A simple new approach to maintaining fire hydrants, pioneered by Buckinghamshire Fire and Rescue Service, is saving fire services and water companies millions of pounds a year.
Instead of being replaced at a cost of about £650 each when they seize up and cannot be opened, hydrants are now being repaired for as little as £2 using a spray-on oil originally developed for food production lines.
The breakthrough was made following a challenge to current practice, and the water industry's perception that a regulation brought in 10 years ago by the Drinking Water Inspectorate was prohibitive.
Water officer Greg Edwards and hydrant technicians Frank Mayhew and Paul Lillycrop worked with water quality scientists and a firm of lubrication specialists to prove that the oil complied with the legislation.
Greg Edwards, said: "A fire engine will carry an initial amount of water to a fire, after which an additional supply is needed. In an emergency, hydrants have to work first time.
"There are 13,500 hydrants in Buckinghamshire and Milton Keynes under our remit, and in 2008 we had to replace them at the rate of about one a week. The annual cost was £30,000.
"If something expensive rusted up at home you'd put some oil on it rather than dispose of it and buy a new one, but of course it's not that simple when public health is at stake."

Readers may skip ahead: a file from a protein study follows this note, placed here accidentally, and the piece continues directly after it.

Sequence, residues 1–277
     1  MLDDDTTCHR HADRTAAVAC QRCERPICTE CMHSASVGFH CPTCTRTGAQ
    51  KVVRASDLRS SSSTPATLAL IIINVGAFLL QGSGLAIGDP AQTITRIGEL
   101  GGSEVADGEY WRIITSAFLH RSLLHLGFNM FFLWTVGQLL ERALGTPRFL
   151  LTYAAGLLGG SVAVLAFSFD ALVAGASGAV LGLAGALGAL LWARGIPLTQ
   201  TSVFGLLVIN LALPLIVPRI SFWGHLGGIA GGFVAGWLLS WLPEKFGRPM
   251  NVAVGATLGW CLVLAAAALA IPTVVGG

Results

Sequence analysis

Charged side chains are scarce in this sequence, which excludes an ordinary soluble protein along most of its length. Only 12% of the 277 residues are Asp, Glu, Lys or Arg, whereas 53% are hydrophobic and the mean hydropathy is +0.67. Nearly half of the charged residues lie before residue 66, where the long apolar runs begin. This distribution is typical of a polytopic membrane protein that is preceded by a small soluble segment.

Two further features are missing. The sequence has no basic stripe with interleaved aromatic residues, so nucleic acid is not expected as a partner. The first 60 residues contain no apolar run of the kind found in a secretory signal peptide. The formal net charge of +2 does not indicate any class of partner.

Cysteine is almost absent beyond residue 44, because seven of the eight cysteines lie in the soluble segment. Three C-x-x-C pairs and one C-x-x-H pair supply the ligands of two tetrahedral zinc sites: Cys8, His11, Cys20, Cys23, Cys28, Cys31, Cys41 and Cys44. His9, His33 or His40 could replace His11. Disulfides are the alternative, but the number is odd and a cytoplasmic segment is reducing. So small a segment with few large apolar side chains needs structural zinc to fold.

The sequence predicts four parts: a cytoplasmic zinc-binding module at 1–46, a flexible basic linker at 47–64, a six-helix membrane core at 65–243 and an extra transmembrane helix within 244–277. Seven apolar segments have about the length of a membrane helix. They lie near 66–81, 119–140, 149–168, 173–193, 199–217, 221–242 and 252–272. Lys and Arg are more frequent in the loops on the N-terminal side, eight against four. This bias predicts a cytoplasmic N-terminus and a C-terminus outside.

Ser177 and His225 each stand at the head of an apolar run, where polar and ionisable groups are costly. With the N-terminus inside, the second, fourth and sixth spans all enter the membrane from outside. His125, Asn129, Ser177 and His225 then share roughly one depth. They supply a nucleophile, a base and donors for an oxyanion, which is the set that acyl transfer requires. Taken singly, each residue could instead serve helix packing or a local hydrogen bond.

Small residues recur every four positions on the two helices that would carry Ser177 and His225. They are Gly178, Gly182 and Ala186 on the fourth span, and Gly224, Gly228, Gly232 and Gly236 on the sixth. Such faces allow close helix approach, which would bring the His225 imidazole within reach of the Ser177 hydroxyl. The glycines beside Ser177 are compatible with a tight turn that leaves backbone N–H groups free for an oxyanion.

Greg and his team sought advice from the United Kingdom Petroleum Industry Association, who introduced them to Yorkshire-based Klüber Lubricants. One of their products is synthetic oil in an aerosol can, approved for use in the food industry.
Greg said: "At this point Klüber became more of a partner with Buckinghamshire Fire and Rescue Service than a supplier, and we submitted samples of oils and supporting product certifications to the water quality scientists at Anglian Water and Veolia Water. They felt it prudent to make their own assessment and were then able to agree in writing."
At the end of 2008 the team conducted trials on 11 seized hydrants, which would have cost a total of more than £7,000 to replace. The success rate was 100 per cent and the cost just £20.
There are now 23 fire services and 13 water companies in the UK using the oil, which has been nicknamed 'magic spray', with savings of around £2 million a year in the fire sector alone. The project is now being expanded to the other 35 fire services in the UK and to other parts of Europe.
Buckinghamshire Fire and Rescue Service Area Manager Darryl Keen, said: "I'm very proud of the part we have played in introducing a practice that's simple, effective and saving everyone a fortune. It just goes to show what can happen when groups of specialists work together to solve a problem.
"We have already saved £60,000 on hydrant maintenance in Buckinghamshire and Milton Keynes, which we have been able to spend directly on services that help make the people we serve safer."
Technical sales consultant Bill Diggins from Klüber said: "Buckinghamshire Fire and Rescue Service has developed a proactive maintenance plan that delivers significant benefits in hard cash savings and improved water availability.
"It did this by taking a step back and asking, 'Why do we need to replace these hydrants?' and, 'Is there an effective alternative at lower cost that can be evaluated?'
"The leadership and drive shown by Buckinghamshire Fire and Rescue Service in hydrant repair and release has been replicated in a number of brigades across the UK."
Posted: 11.35am, 10.03.11